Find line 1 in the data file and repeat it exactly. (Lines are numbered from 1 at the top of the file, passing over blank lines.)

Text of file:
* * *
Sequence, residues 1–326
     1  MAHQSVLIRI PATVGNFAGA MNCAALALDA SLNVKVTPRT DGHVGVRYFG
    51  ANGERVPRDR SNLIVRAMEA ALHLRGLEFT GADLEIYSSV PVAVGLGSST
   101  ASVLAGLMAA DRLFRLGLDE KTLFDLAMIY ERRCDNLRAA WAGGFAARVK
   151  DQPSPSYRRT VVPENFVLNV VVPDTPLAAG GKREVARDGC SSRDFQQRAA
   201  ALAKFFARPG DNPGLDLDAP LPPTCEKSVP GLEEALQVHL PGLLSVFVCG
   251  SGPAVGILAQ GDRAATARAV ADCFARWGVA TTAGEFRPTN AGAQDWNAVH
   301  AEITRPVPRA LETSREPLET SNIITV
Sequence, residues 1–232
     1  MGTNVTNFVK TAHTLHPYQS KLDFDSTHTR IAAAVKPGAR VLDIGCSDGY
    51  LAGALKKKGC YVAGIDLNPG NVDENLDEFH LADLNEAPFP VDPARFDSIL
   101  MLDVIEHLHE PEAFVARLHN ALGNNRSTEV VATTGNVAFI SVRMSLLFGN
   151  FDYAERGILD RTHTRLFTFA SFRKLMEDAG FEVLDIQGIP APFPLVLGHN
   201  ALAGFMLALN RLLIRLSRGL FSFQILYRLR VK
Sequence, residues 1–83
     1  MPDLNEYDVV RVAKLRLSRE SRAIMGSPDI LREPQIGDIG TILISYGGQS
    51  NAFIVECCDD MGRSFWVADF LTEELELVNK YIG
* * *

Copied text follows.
Sequence, residues 1–326